The difference is that the focus is a bit more autobiographical in This Boy’s Life. This Boy’s Life is the story of Toby, with Rosemary as a major character, and Duke and Geoffrey as very minor characters. The Duke of Deception is the story of Duke, with Geoffrey as a major character, Rosemary as somewhere between a major and minor character, and Toby as a minor to very minor character.

The Toby we get to know in This Boy’s Life is for the most part not recognizable in The Duke of Deception. This is even more true in This Boy’s Life of the Geoffrey we get to know in The Duke of Deception.

Geoffrey Wolff himself went on to have a writing career not unlike his brother. Both have written both fiction and nonfiction. In terms of fiction, Toby (or Tobias as he seems to mostly be known as an adult) writes primarily short stories and Geoffrey writes novels, while in terms of nonfiction both rely heavily on autobiography and memoirs. Both have had academic careers. Geoffrey apparently has done more newspaper writing and editing, including at the Washington Post. Tobias is probably modestly more acclaimed, but Geoffrey is no slouch. The Duke of Deception itself was runner up for a Pulitzer.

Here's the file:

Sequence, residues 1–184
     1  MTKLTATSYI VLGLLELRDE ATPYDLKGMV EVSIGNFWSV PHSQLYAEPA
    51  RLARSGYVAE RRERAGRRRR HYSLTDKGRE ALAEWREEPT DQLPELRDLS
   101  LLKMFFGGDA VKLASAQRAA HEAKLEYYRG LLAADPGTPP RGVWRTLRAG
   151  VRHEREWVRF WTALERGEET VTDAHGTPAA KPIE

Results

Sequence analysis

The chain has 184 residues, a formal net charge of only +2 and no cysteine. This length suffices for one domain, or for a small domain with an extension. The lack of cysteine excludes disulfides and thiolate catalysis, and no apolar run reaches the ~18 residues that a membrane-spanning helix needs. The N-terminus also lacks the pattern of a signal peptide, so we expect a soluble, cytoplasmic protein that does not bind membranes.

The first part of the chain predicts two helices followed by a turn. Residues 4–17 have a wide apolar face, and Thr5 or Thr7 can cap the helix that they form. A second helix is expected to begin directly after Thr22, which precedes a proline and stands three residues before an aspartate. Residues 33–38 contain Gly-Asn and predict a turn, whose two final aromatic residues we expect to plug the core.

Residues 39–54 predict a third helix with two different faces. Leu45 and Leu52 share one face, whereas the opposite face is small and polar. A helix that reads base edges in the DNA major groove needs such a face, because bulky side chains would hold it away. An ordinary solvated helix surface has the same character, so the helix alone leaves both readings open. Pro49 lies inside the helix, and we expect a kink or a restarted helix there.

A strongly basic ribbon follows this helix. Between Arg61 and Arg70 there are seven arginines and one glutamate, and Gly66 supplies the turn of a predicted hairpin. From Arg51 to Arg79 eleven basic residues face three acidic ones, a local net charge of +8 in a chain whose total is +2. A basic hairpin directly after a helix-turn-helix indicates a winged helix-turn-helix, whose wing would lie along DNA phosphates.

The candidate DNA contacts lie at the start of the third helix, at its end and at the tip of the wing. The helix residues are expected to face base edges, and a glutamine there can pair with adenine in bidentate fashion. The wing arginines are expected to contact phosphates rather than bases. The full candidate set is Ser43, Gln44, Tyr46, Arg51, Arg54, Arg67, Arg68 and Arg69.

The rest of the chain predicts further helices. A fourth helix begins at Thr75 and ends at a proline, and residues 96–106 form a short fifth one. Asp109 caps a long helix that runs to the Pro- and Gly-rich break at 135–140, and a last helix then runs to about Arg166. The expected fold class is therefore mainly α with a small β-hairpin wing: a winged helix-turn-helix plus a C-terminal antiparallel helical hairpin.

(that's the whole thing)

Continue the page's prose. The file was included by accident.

It’s amazing that two writers of that stature came from this same dysfunctional family (because it turns out that the Duke side of the family was at least as much of a mess as the Rosemary side of the family after the split). It would be less surprising had they instead ended up spending most of their lives in prison.

After becoming familiar with the Wolff family from This Boy’s Life, The Duke of Deception is certainly a good way to fill in gaps. (That is, if, like me, you read This Boy’s Life first; as noted, The Duke of Deception actually preceded it.)

What I found is that the vague impressions I had of Duke and Geoffrey, especially Duke, were highly inaccurate.

First off, Duke was not some East Coast, Ivy League, snooty rich guy. He was a con man, a mooch, a phony, who occasionally was rich or near-rich, usually carried himself as if he were rich or near-rich, but as often as not was in fact barely able to keep his head above water.

He had the guts to try to bullshit just about anyone about just about anything, and when it failed, or it succeeded temporarily but eventually he was found out, he just moved on.

He simply had no conscience about certain deceptive types of behavior, like it was all just a game, and insofar as people were hurt by his shenanigans, he wasn’t going to feel bad for playing better than them.

There were certain patterns to his deceit, certain recurring behaviors.